5. Separation of whey during cheese manufacture

9.3 Vertical Plate Pressure Filters (Filter Presses)

Fig. 9.1 Plate and frame filter

A vertical drainage plate supporting a filter medium is the basic filtering element in a vertical plate press. A commonly used design is the plate-and-frame press. In this type of filter grooved plates covered on both sides with filter medium alternate with frames in a rack. The assembly of plates and frames can be squeezed tightly together by a screw, hydraulic or pneumatic mechanism to form a liquid-tight unit. The filter medium also acts as a gasket, preventing leakage between the plates and frames. Both plates and frames are provided with openings at one corner and when the press is closed these openings form a channel through which the feed slurry is introduced. In addition, the hollow centre of each frame is connected by an auxiliary channel to this feed channel.

Fig. 9.2 Filter plate and wash plate

The feed slurry enters the frames and the cake builds up in the hollow centre of the frames. The filtrate passes through the medium and on to the grooved surface of the filter plates from where it is removed via an outlet channel in each plate. Filtration is continued until the flow of filtrate drops below a practical level or the pressure reaches an unacceptably high level, due to the cake packing tightly in the frames. After filtration, washing of the cake may be carried out by replacing the flow of feed slurry with wash liquid. However, more effective washing is obtained by the use of special wash plates. These are arranged in the press so that every second plate is a wash plate. During filtration these wash plates act as filter plates. During washing, the outlets from the wash plates are closed and the wash liquid introduced on to their surfaces through a special inlet channel. The flow path for both filtration and washing when wash plates are used. The cake is removed manually after opening the press.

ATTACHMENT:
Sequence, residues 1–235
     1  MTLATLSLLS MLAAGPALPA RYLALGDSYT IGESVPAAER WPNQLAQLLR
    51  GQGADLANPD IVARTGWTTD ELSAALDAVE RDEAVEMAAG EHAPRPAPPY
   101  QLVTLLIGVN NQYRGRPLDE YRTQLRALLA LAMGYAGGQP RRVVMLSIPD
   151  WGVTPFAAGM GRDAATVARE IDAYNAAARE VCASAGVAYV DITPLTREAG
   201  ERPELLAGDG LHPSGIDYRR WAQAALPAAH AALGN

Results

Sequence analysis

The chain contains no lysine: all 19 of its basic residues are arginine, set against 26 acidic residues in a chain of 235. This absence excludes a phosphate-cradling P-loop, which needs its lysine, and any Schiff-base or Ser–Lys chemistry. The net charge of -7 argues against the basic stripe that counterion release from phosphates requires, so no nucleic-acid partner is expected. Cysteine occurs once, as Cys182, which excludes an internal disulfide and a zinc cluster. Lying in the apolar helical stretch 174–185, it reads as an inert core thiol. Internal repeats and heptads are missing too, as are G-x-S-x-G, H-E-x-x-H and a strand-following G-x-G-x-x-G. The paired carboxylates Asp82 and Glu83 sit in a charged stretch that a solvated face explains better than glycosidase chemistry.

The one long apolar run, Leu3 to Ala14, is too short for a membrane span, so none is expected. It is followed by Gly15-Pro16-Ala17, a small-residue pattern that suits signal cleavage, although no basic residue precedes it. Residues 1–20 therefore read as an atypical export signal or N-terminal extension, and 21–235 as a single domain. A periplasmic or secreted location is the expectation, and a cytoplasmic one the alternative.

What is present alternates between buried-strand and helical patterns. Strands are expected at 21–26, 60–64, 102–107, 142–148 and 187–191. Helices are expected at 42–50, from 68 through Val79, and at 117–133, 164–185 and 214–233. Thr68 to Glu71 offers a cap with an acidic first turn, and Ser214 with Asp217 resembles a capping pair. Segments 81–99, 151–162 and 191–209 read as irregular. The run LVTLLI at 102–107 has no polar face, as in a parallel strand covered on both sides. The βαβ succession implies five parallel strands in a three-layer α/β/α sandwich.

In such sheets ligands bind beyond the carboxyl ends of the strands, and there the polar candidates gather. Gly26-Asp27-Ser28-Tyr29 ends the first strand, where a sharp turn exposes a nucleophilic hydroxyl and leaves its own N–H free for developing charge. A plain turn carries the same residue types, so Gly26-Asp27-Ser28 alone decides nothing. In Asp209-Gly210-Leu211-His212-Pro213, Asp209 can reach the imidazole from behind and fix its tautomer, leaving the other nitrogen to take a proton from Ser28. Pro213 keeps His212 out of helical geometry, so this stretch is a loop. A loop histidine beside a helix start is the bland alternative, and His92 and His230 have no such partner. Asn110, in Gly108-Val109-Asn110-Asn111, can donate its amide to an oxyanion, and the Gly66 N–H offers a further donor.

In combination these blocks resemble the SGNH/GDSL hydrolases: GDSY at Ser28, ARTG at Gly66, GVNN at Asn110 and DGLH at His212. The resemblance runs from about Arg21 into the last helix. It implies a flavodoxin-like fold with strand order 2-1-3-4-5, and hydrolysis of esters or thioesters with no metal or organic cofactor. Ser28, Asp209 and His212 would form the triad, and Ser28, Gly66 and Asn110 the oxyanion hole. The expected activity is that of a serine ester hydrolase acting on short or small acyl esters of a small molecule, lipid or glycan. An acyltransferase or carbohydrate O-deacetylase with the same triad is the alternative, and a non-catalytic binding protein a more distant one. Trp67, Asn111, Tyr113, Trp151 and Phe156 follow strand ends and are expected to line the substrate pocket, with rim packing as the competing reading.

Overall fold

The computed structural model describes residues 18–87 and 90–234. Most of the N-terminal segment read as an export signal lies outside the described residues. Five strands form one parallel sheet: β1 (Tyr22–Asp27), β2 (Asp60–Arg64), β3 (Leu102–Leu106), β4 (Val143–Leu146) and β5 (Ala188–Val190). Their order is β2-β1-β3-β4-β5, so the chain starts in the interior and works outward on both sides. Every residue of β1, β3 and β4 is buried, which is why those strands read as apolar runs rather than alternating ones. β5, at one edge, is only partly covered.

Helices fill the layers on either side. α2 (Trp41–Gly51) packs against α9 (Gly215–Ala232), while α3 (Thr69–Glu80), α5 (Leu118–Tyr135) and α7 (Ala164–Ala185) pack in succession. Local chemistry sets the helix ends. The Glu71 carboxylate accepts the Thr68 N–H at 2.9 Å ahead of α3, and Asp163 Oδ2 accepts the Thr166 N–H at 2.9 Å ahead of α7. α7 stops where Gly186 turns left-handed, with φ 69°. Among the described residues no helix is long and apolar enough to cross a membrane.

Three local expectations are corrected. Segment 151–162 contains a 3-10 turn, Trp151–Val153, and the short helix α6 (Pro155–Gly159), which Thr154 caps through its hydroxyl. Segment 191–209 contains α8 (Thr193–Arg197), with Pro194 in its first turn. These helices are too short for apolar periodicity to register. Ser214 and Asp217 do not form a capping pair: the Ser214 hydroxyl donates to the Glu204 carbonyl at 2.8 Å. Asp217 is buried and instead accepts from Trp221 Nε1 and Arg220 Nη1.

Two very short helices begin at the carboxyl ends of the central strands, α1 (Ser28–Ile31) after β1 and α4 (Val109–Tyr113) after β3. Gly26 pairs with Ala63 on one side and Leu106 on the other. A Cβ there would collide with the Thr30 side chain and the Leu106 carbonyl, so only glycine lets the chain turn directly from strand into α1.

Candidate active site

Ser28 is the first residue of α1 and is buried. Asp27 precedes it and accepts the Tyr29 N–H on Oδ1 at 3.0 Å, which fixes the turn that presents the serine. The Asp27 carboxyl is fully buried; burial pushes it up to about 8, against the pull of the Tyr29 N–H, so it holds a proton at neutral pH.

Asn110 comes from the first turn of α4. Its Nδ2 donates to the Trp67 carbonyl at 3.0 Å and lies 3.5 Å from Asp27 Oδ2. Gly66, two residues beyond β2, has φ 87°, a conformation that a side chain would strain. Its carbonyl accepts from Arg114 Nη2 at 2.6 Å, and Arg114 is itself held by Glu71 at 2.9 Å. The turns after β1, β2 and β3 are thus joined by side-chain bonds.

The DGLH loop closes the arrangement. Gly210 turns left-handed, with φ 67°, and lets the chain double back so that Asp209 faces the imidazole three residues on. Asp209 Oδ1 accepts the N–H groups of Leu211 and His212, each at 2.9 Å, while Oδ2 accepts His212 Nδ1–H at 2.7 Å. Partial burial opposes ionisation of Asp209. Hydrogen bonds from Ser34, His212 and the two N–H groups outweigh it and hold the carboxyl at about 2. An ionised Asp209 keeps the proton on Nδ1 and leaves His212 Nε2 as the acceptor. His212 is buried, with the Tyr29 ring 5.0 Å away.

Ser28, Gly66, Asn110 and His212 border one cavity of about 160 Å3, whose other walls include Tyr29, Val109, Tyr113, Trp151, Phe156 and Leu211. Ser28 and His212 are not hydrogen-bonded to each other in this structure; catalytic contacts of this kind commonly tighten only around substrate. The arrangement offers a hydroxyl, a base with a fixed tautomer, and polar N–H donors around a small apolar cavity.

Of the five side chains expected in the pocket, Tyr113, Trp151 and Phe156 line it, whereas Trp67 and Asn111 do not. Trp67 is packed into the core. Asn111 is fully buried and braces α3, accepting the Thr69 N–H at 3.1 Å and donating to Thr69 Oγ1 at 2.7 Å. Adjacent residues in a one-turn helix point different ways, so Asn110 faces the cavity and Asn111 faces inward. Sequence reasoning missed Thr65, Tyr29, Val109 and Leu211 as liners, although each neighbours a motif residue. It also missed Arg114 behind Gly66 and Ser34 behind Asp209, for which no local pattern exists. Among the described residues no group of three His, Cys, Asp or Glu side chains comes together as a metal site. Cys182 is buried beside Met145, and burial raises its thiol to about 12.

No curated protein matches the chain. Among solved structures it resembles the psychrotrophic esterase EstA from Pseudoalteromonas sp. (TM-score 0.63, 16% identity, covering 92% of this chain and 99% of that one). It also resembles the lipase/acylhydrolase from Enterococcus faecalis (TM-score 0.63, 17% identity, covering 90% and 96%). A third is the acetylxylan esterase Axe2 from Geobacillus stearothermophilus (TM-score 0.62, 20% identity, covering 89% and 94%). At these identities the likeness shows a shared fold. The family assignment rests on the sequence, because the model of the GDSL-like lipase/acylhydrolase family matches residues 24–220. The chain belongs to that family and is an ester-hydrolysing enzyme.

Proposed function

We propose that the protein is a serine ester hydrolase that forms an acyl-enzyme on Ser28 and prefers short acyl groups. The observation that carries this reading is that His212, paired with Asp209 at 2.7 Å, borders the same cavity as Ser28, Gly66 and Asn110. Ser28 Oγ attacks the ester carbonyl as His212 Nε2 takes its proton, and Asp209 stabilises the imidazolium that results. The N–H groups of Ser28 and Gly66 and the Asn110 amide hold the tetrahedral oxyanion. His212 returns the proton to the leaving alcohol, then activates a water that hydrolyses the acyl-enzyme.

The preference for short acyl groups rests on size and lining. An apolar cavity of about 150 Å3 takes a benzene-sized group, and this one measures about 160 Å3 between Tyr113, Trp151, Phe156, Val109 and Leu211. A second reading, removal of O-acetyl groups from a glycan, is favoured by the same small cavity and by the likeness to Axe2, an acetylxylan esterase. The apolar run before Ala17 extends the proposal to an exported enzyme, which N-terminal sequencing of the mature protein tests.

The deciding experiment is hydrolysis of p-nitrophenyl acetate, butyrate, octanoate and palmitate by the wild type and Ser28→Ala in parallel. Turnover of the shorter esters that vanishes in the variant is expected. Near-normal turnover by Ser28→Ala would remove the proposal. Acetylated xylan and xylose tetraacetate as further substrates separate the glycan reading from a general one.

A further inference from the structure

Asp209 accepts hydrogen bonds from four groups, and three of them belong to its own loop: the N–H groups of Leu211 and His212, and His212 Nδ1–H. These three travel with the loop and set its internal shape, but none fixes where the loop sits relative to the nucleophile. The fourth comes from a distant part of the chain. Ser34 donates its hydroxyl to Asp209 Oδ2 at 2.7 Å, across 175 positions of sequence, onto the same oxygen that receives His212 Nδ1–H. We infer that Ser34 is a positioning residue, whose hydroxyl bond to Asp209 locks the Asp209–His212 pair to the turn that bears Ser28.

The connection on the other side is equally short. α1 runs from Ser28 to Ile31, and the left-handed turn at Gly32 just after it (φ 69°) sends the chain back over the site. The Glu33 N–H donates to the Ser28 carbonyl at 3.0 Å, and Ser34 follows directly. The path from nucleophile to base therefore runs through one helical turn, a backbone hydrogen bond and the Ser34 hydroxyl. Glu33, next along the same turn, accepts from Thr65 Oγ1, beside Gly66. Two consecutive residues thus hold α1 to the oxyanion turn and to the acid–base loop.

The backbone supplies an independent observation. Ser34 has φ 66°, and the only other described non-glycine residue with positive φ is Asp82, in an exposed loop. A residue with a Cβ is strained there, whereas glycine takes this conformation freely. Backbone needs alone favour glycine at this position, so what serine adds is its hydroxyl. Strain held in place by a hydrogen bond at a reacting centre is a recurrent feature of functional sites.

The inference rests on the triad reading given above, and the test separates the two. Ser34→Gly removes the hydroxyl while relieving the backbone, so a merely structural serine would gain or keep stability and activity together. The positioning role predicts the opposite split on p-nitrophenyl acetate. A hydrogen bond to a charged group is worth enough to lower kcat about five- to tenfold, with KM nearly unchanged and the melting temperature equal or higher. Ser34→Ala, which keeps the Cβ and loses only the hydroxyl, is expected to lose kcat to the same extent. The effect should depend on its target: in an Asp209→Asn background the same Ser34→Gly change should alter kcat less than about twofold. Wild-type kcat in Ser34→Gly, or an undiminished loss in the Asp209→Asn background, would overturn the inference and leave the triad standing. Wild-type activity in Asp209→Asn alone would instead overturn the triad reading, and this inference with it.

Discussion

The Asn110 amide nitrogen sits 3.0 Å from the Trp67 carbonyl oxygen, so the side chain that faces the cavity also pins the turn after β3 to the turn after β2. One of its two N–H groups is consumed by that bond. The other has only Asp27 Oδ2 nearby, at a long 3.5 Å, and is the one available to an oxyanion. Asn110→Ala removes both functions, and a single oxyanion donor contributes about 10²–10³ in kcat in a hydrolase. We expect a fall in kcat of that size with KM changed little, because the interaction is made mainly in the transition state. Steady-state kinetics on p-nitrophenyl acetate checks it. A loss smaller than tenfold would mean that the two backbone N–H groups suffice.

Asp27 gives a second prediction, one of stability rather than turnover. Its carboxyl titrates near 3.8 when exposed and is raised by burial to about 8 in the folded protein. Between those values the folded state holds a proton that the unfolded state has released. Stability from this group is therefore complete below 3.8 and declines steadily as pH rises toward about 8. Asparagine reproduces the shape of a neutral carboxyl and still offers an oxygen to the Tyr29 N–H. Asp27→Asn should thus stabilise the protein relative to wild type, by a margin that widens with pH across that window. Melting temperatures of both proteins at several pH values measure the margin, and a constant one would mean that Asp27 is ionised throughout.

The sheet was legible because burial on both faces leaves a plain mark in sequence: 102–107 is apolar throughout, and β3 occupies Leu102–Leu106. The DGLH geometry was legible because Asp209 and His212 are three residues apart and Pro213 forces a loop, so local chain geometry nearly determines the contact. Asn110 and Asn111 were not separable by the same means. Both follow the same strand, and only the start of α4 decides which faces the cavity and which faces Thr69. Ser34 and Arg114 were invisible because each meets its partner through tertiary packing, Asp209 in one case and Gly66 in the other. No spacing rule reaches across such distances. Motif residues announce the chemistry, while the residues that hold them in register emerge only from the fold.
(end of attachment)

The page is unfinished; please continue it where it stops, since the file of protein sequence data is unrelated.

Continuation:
Fig. 9.3 Filtering and washing

Another common design of filter press is known as the recessed-plates press. In this filter the cake accumulates within recesses in the plates and no frames are used. The feed is usually introduced centrally and removed via an outlet on the corners of each plate. For washing, the feed slurry is replaced by wash liquid entering through the same inlets. Many other types of vertical plate filters are available. Larger presses have facilities for lifting or moving plates and frames mechanically. Presses may be jacketed for temperature control.

The vertical plate filter has found very wide application is industry. It is simple in design and operation, compact, flexible and can be used to handle a wide variety of types of slurry. It is relatively cheap initially. On the other hand labour costs and filter cloth consumption are high and washing of the cake is not always efficient.

9.4 Rare of Filtration

The basic filtration equation is

Last modified: Wednesday, 3 October 2012, 6:41 AM